|A small selection of the many feather stars found|
during a Deep Dredge on Day 3
Prof Charles G Messing shares:
These animals, technically known as crinoids, are close relatives of sea stars, sea urchins and sea cucumbers. They have a small cup-like body and long feather-like arms that they use for filtering plankton from the water. Different species range from only a few centimeters across with ten arms, to over 30 centimeters across with more than 100 arms.
Almost all of them have a ring or cluster of hooks on the underside for anchoring to rocks, sponges or soft corals. Despite their apparently sedentary lifestyle, however, they can crawl from place to place and some can even swim with graceful undulations of their arms.Feather stars are also homes for remarkable creatures that blend perfectly with their homes. As I have heard Prof Charles explain, feather stars are condominiums! Shrimps, worms and even fishes of all kinds many be found them. Even tinier creatures may live on these animals! Here's a photo of a crinoid snapping shrimp covered with tiny white copepods, found during the Southern Expedition, shared by Dr Arthur Anker.
Some sit in the open, others extend their arms from crevices on the reef, and still others crawl from daytime hiding places to night-time feeding perches.
Feather stars come in every color and combination; in some cases one species may exhibit a wide palette, while others come in only one or two colors.
Crinoids were first discovered here by shore collectors in the mid-nineteenth century. The first one described in the scientific literature was a unique specimen that remained unknown anywhere else in the tropical Indian or western Pacific oceans. It differed from another species found across much of the region in one small but curious character; as a result it was maintained as a distinct species.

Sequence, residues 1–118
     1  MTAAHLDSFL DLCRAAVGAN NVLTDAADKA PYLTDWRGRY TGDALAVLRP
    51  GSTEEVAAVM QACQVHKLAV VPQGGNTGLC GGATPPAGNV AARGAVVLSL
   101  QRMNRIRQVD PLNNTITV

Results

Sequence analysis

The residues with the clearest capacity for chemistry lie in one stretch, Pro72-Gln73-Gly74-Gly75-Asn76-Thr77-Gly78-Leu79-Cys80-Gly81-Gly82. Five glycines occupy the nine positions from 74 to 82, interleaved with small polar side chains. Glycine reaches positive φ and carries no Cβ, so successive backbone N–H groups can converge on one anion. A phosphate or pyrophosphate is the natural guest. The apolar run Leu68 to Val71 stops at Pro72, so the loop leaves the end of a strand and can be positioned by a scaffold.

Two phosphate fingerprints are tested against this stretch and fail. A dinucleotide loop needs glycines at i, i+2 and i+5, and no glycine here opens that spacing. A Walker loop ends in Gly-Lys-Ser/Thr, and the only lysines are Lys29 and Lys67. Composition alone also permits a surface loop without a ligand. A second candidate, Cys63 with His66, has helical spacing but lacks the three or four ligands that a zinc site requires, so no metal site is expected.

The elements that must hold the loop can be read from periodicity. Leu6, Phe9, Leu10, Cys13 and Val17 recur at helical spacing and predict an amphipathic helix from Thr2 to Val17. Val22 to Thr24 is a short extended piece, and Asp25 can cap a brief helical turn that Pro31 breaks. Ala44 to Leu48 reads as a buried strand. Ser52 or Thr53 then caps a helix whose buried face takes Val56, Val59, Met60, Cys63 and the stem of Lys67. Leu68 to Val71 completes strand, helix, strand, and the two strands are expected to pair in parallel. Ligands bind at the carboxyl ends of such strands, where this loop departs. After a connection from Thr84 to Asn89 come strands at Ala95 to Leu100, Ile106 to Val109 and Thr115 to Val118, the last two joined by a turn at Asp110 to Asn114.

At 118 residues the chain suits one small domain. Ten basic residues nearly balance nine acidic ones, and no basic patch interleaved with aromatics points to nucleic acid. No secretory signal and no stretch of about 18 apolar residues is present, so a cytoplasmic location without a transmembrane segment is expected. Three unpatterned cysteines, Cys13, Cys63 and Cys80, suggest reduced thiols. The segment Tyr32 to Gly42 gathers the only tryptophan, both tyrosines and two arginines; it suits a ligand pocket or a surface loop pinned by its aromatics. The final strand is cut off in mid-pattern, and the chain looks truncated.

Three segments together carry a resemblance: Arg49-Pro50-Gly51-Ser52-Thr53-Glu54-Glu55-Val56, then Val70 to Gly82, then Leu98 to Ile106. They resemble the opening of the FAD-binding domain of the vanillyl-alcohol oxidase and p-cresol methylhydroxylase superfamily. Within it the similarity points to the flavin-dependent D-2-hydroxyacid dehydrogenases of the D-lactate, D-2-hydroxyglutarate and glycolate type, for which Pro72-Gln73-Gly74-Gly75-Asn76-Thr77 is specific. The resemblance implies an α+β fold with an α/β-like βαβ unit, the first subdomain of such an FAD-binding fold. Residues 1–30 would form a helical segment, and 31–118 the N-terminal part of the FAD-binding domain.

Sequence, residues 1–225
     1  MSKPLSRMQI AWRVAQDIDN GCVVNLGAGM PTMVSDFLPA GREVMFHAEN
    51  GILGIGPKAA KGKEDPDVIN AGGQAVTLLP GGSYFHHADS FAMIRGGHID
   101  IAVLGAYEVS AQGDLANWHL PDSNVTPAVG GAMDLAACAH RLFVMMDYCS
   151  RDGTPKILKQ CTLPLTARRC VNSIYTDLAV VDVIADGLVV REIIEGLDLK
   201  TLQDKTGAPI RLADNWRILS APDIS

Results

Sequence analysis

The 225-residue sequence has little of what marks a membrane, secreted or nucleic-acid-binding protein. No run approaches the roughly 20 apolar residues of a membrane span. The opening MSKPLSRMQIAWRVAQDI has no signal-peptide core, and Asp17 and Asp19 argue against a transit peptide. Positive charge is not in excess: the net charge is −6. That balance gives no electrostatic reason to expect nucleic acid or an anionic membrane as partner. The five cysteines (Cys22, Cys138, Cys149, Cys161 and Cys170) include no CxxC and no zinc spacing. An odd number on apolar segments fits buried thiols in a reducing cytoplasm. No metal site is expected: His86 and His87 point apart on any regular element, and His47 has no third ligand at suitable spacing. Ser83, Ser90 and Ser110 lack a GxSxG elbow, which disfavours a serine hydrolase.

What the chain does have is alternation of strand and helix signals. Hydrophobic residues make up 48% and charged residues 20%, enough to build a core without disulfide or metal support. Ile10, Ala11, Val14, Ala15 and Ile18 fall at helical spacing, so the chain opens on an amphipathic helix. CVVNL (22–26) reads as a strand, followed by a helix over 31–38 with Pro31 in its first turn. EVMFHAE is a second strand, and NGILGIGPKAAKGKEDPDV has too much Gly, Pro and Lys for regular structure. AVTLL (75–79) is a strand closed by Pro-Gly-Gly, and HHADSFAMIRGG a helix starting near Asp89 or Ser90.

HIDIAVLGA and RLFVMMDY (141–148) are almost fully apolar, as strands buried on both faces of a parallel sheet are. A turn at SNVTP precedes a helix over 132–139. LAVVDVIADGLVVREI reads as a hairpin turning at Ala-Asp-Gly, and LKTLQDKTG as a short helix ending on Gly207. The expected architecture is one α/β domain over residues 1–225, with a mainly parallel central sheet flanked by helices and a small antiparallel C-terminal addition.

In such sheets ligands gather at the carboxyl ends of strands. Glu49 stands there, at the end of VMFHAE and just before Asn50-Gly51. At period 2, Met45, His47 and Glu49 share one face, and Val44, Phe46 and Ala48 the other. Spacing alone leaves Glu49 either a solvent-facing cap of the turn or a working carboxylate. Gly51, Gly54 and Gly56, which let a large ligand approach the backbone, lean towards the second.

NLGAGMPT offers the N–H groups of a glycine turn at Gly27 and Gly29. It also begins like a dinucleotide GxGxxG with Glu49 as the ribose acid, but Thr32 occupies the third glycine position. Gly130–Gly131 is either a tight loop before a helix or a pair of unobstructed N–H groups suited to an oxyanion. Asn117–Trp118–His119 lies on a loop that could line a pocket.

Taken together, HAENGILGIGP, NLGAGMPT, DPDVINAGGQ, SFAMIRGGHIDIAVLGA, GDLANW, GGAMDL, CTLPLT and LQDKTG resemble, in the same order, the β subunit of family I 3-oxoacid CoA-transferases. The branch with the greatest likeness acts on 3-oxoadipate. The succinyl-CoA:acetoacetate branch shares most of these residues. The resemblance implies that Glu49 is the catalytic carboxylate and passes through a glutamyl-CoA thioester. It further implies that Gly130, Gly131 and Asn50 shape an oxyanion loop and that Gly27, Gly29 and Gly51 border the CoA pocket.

One of the reasons I looked forward to participating in this biodiversity survey was to search for this elusive feather star, and to see if it indeed was uniquely different from its relatives.
Fortune smiled, and I found numerous specimens on my first dive; in fact, the species was the first crinoid I saw on the reef. However, I also found specimens of the closely related, widespread species.
My task now is to determine whether they are just the equivalent of blue-eyed and brown-eyed individuals of one species, or actually different. This will take some detailed lab work and probably a look at their DNA.
|Photo by Dr Arthur Anker|
Day 8 of the Southern Expedition.